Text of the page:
Publication: Eurasia Daily Monitor Volume: 4 Issue: 30

(Source: Reuters)

Following Russian President Vladimir Putin’s well-established ritual of demonstrating his power to loyal subjects, his annual meeting with business leaders was far heavier on symbolism than on substance. Most of the two dozen CEOs and owners of Russia’s largest companies who were invited to the meeting in the Kremlin on February 6 remember vividly a similar event four years ago when Mikhail Khodorkovsky of Yukos raised his voice against rampant bureaucratic corruption – and was duly marked an “enemy of the state.” Their organization, officially called the Russian Union of Industrialists and Entrepreneurs but unofficially known as the “oligarch’s trade union,” even tried to protest Khodorkovsky’s arrest in October 2003 until Putin demanded they “stop the hysterics” (Nezavisimaya gazeta, February 7).

This time around Putin spoke about developing and upgrading Russia’s industrial base. Barely a few weeks ago, Dmitry Medvedev, first deputy prime minister and Putin’s hopeful successor, announced at the World Economic Forum in Davos that Russia planned to become the top oil producer in the world. Putin, however, spelled his doubts about these ambitious plans: “Truth be told, I am not sure whether we need this.” Just a year ago Vladislav Surkov, known as the main “ideologist” at Putin’s court, justified the reliance on “energy power” with irrefutable arguments: “If you have strong legs you should compete in the long jump and not play chess” (Ezhednevny zhurnal, March 3, 2006). Now Putin has set course toward diversifying the economy and prioritizing high value-added activities, since “Russian industry’s accent on raw materials increases its dependence on foreign markets and on the fluctuations of world prices. And Russia has already seen more than once how destructive, and sometimes how devastating, this dependence can be for the national economy.”

The “captains of industry” expressed their full agreement with these wise words and reported their plans for adding value in every technologically feasible way (Kommersant, Vedomosti, February 7). They were probably quite relieved not to hear again reminders about their “social responsibility,” which in essence means donations to particular state agencies, including the National Anti-Terrorist Committee, and funding Kremlin “pet projects,” like sport facilities in Sochi to strengthen the city’s bid to host the Winter Olympic Games in 2014. They also know full well that the presidential instruction “to produce full-value high-tech products for foreign markets” has little — if any — practical meaning (Expert, February 6).

Plans to focus the economy on exports of raw materials are perfectly compatible with Putin’s over-centralized system of power. The colossal bureaucratic machine thrives on its control over financial flows and thus stifles investment. It is only natural that industrial production is the slowest growing sector of the Russian economy, with a 3.9% increase in 2006 against 6.7% GDP expansion (, February 6). There are many specific factors determining this lag, from the shortage of qualified labor to the deficit of electric energy, but it is the domination of Byzantine politics over economics that creates the major disincentive for modernizing the industrial base. Visiting India recently, Putin was impressed with its dynamism, but he failed to see how they were connected with reforms that had greatly reduced bureaucratic regulations and with the country’s proudly cultivated democratic tradition (Kommersant, January 25).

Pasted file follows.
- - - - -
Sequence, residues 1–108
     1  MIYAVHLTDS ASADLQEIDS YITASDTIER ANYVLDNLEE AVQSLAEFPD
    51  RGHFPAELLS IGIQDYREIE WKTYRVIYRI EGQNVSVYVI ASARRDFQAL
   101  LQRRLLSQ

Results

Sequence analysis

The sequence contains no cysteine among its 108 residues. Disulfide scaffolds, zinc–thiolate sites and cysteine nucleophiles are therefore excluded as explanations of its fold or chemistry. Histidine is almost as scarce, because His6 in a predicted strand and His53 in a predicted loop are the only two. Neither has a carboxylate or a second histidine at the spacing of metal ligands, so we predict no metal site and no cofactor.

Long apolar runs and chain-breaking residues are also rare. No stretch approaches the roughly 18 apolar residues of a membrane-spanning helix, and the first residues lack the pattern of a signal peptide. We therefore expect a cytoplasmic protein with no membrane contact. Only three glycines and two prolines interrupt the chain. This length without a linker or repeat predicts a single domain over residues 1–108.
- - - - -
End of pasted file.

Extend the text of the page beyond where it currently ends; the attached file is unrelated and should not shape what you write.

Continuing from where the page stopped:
Putin’s attempt to order the flagships of Russian business to modernize makes little sense even as a PR exercise, but one peculiar coincidence illustrates its emptiness with stark clarity. As invitations were issued to the most successful entrepreneurs, new charges were brought against Mikhail Khodorkovsky and his business partner, Platon Lebedev, on top of the eight years they are currently serving in labor camps (Vremya novostei, February 7). They are now accused of embezzlement and money laundering in the astronomic range of $25 billion. Khodorkovsky shows no intention of bending before this overwhelming force, and his fight to preserve his dignity recently convinced the Moscow Helsinki Group to grant him the status of “political prisoner” and add his name to the long list of Russian dissidents and victims of political repressions (Ekho Moskvy, February 7).

The business elite that gathered in the Kremlin hoped that their submissiveness would help them avoid Khodorkovsky’s fate, but they have now a new worry about the durability of their informal “keep-quiet-and-let-live” contract with Putin (Novaya gazeta, February 8). Indeed, his fast-approaching exit from the Kremlin gates could unleash a fierce scramble between competing gangs of courtiers followed by a large-scale re-distribution of property by the winning camp. The so-called oligarchs, while formally staying outside politics, have to place their bets in this clash among the real oligarchs – Putin’s lieutenants in charge of special services and law enforcement agencies (, February 7). The CEOs of Lukoil, Rusal, Severstal, Sistema, and other top Russian companies sought reassurances from the president that he would keep the fighting bulldogs under the carpet – which neatly coincides with his own plans to orchestrate a smooth succession by postponing his choice for as long as possible. His hand, however, can be forced by some carefully arranged “events,” so no personal reassurance can really secure the owners of assets worth billions of U.S. dollars against swift expropriation when the chosen successor takes power.